Theravada

The "Teaching of the Elders," rooted in the earliest complete teachings of the Buddha
  • Tricycle Community 4 comments

    Just Another Thing in the Forest Paid Member

    Venerable Ajaan Amaro has been a monk in the Thai forest tradition for twenty years and is the co-abbot of Abhayagiri, a monastery he helped to found two years ago in northern California. He grew up J. C. Horner in the English countryside and studied physiology and psychology at the University of London, where he realized that "after forty years of studying the mind, my professors were no happier or wiser than I was." As a student, his mind-expansion technology consisted of listening to music, reading mystical literature—"Ramakrishna and the like"—and pursuing Dionysian revelry. But a Rudolf Steiner-school philosopher, Trevor Ravenscroft, pointed him toward Asia. At the age of twenty-one, he landed at Wat Pah Nanachat, a monastery in the forest tradition for the Western disciples of meditation master Ajaan Chah. Ajaan Chah ordained him sometime after his twenty-second birthday, and Amaro Bhikkhu, as he was then known, spent two years training in Thailand before returning to England. Here he joined the man who would be his teacher, Ajaan Sumedho, an American disciple of Ajaan Chah, at the newly founded Chithurst Monastery in the woods seventy miles southwest of London. Abhayagiri sits on 250 mountain acres in Mendocino County that were donated to Ajaan Sumedho and the order by the late Master Hsuan Hua, the Chinese Buddhist teacher and founder of the California temple City of Ten Thousand Buddhas. Nestled amidst madrone-covered hills are the meditation hall, a common building with kitchen and offices, and a half-dozen isolated wooden huti, or meditation huts, where nine monastics—seven men and two women—live and practice, each hut adjoining a shaded path for walking meditation. Some of the monastics as well as lay visitors to the community stay in tents and trailers. Abhayagiri, unlike its sister monasteries, whose funding comes largely from Thailand and other Asian communities, is supported by "good old Caucasian middle-class intellectual meditators." Ajaan Amaro is the author of Silent Rain, a collection of journal entries and dharma talks. He spoke with Mary Talbot at Abhayagiri in May 1998. More »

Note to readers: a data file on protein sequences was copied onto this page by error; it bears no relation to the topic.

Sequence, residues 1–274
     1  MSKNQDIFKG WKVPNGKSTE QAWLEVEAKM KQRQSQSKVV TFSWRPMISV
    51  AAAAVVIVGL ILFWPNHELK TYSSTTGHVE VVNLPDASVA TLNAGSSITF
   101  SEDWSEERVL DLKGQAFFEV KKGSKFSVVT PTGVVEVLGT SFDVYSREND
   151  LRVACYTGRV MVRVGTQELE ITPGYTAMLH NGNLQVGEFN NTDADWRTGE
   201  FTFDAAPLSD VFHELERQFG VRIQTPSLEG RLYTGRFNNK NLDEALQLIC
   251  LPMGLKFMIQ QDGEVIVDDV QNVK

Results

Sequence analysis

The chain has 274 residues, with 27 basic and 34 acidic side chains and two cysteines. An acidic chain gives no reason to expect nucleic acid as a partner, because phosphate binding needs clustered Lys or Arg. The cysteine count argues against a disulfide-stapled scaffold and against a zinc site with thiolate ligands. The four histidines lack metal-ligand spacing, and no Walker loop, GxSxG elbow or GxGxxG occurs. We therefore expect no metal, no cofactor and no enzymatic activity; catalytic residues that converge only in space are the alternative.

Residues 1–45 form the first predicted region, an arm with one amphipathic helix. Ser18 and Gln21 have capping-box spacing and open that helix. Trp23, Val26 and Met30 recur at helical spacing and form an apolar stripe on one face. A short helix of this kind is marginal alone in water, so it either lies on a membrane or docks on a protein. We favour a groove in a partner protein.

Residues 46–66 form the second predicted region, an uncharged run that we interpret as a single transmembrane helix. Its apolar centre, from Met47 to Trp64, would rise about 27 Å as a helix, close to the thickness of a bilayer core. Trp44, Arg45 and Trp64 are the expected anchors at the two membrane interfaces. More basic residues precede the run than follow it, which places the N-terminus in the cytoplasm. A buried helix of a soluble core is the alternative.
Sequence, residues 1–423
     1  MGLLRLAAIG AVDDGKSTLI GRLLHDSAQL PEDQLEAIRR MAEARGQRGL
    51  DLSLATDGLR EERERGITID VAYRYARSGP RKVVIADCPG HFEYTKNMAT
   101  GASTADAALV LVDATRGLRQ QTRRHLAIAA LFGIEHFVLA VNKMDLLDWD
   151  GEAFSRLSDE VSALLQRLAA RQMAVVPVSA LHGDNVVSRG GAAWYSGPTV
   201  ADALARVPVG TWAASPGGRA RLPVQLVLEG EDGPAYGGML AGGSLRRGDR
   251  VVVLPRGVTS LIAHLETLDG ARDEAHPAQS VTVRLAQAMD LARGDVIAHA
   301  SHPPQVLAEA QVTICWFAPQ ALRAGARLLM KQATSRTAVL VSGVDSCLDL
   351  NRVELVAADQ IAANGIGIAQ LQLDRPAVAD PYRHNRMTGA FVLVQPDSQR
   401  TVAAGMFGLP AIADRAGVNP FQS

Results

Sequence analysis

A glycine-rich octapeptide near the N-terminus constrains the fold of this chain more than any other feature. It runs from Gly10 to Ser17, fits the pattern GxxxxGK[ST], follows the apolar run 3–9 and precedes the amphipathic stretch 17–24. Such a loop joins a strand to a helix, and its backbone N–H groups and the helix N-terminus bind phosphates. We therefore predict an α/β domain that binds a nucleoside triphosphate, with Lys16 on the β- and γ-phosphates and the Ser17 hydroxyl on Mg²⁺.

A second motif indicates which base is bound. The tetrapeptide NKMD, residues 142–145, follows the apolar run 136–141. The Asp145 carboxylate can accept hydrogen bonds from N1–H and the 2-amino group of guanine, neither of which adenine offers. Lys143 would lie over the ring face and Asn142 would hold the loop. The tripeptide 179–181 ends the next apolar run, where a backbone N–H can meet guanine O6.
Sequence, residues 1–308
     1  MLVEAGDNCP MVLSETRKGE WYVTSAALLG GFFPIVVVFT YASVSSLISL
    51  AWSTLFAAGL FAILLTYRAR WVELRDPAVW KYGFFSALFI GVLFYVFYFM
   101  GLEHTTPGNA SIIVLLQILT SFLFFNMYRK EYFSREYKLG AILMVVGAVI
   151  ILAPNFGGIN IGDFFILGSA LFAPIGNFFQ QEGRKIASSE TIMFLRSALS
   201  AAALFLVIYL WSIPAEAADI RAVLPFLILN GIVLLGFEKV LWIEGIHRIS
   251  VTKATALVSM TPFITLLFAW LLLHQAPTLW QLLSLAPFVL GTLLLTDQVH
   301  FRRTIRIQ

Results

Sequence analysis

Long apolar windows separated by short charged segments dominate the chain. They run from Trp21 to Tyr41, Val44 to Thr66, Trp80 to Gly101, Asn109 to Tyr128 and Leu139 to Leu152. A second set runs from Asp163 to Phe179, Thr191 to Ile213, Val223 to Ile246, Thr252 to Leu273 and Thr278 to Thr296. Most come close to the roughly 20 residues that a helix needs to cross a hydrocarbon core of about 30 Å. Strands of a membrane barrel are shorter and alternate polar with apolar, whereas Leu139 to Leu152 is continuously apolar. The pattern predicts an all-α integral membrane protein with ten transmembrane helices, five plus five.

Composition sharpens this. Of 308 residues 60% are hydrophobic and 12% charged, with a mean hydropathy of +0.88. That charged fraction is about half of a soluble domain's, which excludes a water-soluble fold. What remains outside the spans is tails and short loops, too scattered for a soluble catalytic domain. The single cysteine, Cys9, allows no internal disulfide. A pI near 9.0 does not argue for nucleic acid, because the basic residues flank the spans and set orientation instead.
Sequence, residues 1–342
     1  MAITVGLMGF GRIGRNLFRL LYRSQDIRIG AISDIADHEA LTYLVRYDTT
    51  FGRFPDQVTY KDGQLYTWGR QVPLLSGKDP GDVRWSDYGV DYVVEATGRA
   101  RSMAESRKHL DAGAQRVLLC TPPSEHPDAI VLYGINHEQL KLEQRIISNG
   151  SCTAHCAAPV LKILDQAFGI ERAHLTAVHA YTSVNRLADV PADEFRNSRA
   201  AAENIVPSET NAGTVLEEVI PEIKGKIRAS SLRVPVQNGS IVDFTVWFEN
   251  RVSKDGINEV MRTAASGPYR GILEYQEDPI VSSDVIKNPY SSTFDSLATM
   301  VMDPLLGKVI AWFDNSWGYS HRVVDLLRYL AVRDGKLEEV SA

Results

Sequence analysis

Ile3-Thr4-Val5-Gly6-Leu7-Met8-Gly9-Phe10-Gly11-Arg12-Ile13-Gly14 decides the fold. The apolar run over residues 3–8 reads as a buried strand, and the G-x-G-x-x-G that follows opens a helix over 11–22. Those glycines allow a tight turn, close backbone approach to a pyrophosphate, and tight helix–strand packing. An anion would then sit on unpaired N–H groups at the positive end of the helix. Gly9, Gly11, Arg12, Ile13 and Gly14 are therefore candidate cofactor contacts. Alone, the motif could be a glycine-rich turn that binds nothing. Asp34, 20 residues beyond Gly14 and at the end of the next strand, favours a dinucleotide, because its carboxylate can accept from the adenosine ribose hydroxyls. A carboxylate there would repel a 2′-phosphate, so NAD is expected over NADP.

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    Recollection of the Buddha Paid Member

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    The Four Protective Meditations Paid Member

    Watch Bhikkhu Bodhi's retreat here. More »
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    Moral Health Paid Member

    Research over the past decades has shown pretty convincingly that physical health is influenced by the quality of the nutrients we ingest, the activities we engage in, and the habits that guide our behaviors. Such quality is measured on a sliding scale between healthy and unhealthy. If we eat unhealthy foods, engage in unhealthy behaviors, and develop unhealthy habits, then the outcome will be unhealthiness. The reverse is equally true, when healthy modes of living replace unhealthy ones. This is a matter of understanding the biological laws of nature; it has nothing to do with moral judgment or religious decree. More »
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    Primordial Soup Paid Member

    Greed and hatred are efficient survival tools. Deeply embedded in the operating system of sentient beings, perhaps from the days when a brain stem first developed in vertebrates, these instincts trigger behaviors that enable a creature to seek out and chase down the food it needs and to call forth the ferocity required to kill its prey or fight for its life. Each is an opposite expression of the same primordial force: desire. Greed is the desire to get and hold on to what one wants, while hatred is the desire to ignore or destroy what one does not want. They require little or no understanding, function best at rudimentary levels of consciousness, and thus thrive in conditions of ignorance and delusion. More »
  • Tricycle Community 17 comments

    From Thought to Stillness Paid Member

    I am struck by the way many of us hold the dharma to a strict interpretation of the suttas, as if Buddhism could be conveyed by only one possible translation and intention. When we have questions, many of us look to the Pali scholars for the derivation of a phrase or word, seeking its exact meaning, and we often confine our own practice to that explicit definition, even if the suggested wording runs counter to our insights. We must be careful not to know too much or interpret too precisely what the Buddha meant, because that intellectual knowing may distract us from the realization of his message and leave little room to probe the depth of his teaching in personally meaningful ways. If we look upon the suttas with a little more ease, the foundation of his teaching clearly emerges and the mystery of his message invites our own exploration. More »